I got up early yesterday and again today to watch the launch of NASA’s newest spacecraft, Orion. This flight, Experimental Flight Test 1 (EFT1), is, as its name suggests, a flight test to check out critical Orion systems before we send it further away with people on board.
I cheered when it successfully launched this morning and did not get any writing done because I was too intrigued with the Orion TV feed.
Here were the thoughts I had while watching:
– I’m conditioned to watch Space Shuttle launches and know the event timing, and it was odd for me to watch a launch with different timing and steps. Shouldn’t the side rockets fall off after two minutes? Apparently, no.
– I saw some insulation popcorning off the Delta IV in the rocket cam video feed, but I didn’t have to worry about anything hitting Orion since it’s on top of the stack. That’s a big benefit to the top of the stack design.
– I was furious with the idiots who kept tweeting Orion had blown up. Can I tunnel through the internet and terminate their connections? Please?
– I cheered when we started getting good telemetry off Orion via its own communication system and the Tracking and Data Relay Satellites (TDRSs).
– I loved the views of Earth from the Orion cameras.
– I was happy when I saw the Orion animation showing Orion was passing the Texas Gulf Coast. Unfortunately, I hadn’t thought to use my screen capture program to catch it. And it was raining here at the time, so there was no point in going out to wave.
– Once Orion was up in its elliptical orbit, the view of the Earth was a tri-color Earth much like my tri-color Moon from my lunar eclipse photos: white limb, blue middle, and black in shadow. I need to figure out if that’s just an effect of the camera’s dynamic range because if not I want to capture the tri-color effect in the story I’m currently writing.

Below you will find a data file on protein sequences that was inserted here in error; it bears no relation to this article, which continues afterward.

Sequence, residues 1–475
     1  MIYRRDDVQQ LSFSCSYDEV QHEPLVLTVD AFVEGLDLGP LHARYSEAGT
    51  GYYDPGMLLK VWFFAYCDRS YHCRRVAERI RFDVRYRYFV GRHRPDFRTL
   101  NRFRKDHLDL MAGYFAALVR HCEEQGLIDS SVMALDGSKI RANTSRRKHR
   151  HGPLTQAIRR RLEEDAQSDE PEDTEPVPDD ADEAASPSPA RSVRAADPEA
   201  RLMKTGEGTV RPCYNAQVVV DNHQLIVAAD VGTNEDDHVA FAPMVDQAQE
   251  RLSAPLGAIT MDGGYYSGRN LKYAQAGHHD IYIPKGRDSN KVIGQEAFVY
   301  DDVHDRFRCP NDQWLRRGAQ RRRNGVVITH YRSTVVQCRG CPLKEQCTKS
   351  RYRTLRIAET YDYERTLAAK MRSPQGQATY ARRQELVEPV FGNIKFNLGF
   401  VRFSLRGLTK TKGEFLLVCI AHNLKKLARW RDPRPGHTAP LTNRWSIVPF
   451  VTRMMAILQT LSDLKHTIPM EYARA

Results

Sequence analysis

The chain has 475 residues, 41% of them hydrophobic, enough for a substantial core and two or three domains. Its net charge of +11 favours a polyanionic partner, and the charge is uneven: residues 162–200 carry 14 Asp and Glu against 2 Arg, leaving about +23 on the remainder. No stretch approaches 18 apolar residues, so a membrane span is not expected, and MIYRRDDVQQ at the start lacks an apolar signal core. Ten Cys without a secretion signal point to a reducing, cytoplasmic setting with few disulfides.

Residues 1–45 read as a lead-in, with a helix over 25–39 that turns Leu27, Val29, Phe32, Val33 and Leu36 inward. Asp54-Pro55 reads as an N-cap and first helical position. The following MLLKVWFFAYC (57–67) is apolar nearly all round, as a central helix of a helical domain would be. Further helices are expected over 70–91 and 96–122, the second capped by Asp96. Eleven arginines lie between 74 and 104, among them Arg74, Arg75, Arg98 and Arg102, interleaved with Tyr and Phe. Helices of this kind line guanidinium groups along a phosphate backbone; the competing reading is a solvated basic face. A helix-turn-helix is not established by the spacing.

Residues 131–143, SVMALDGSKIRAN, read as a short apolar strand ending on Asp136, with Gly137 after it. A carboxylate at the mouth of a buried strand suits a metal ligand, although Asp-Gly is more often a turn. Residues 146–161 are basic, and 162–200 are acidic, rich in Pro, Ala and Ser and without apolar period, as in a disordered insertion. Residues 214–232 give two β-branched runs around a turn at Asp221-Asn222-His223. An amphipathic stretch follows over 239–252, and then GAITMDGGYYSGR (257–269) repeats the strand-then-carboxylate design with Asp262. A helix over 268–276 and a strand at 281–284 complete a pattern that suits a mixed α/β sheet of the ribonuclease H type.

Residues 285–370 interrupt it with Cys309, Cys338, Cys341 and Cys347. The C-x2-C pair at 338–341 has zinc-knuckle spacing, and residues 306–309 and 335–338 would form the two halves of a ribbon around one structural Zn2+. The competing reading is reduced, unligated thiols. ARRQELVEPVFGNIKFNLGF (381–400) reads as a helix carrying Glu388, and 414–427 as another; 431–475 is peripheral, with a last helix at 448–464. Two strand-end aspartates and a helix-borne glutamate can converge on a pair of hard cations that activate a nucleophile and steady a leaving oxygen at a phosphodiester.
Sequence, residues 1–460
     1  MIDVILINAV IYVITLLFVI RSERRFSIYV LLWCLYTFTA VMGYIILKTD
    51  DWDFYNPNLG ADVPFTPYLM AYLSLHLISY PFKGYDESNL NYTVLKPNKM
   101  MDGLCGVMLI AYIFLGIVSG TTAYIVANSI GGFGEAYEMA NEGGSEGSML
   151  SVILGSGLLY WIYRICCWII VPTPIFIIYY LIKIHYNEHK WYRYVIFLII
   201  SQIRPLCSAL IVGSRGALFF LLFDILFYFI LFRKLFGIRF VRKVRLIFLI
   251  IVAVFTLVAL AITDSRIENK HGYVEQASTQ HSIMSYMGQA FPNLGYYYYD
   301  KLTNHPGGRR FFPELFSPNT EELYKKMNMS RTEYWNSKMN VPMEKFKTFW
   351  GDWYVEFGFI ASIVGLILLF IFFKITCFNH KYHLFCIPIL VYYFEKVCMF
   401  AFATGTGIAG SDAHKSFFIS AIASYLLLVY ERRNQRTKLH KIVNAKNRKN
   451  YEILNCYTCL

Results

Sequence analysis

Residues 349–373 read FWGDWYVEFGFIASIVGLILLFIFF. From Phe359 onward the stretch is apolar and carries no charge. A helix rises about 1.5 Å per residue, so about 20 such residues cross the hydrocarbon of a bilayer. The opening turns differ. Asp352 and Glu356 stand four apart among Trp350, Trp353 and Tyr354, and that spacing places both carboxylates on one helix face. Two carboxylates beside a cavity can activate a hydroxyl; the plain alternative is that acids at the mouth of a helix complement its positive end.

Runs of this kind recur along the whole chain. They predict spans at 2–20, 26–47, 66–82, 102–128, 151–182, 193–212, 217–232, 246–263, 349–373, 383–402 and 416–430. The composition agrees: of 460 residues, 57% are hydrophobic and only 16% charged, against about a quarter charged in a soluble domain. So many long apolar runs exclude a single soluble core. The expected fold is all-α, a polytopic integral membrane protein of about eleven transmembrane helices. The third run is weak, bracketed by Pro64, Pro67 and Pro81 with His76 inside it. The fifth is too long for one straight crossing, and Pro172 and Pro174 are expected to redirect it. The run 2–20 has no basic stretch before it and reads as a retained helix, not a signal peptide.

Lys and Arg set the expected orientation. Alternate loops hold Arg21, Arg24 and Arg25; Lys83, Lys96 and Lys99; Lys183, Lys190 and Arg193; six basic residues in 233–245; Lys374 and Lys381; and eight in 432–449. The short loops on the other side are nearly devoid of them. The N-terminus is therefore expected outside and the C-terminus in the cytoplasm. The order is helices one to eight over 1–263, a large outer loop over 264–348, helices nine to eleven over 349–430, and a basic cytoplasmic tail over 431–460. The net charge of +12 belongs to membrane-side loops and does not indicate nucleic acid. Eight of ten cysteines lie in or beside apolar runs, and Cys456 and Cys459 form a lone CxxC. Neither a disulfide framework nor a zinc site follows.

– Orion did, as expected, experience a communication blackout when the reentry plasma got too thick.
– The video of the landing and splashdown – from the Ikhana drone and Orion itself – were awesome. I loved the infrared point of the approaching Orion and getting to see all the parachutes deploy.
– It was great that NASA TV and ustream broadcast the entire mission, and I enjoyed sharing the event with the twitter community. I don’t tweet often, but this event seemed made for it.
I spent the whole morning watching the flight. What an awesome day!
Congratulations to the NASA and Lockheed Martin Orion teams on a flawless flight! I am such a NASA fangirl! Luckily for me, I work for a NASA contractor and occasionally get to do work for Orion. But today I just got to be a fan. 🙂
 Ground track picture from NASA Flickr.
 Tri-color Earth picture screen shot from ustream NASA TV feed.